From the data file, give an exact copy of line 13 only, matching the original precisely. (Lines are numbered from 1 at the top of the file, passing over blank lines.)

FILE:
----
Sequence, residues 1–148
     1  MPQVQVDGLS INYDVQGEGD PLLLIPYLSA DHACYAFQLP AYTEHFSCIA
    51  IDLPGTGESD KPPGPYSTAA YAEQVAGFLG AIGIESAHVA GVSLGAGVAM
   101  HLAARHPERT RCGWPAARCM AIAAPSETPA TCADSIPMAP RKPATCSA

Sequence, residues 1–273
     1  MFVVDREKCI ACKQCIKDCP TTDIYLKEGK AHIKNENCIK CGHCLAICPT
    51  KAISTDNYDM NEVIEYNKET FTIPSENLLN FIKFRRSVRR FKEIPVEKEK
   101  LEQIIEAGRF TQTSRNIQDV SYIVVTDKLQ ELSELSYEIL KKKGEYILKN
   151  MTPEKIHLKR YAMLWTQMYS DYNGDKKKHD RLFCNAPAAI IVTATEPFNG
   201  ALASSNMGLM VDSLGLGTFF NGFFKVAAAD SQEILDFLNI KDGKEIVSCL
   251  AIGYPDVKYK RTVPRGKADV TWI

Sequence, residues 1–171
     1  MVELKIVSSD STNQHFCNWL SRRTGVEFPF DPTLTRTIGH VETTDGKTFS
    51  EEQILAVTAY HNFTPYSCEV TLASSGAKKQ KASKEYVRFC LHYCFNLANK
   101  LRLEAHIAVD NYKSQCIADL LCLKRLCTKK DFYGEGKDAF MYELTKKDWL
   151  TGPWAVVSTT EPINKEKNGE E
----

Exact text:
     1  MVELKIVSSD STNQHFCNWL SRRTGVEFPF DPTLTRTIGH VETTDGKTFS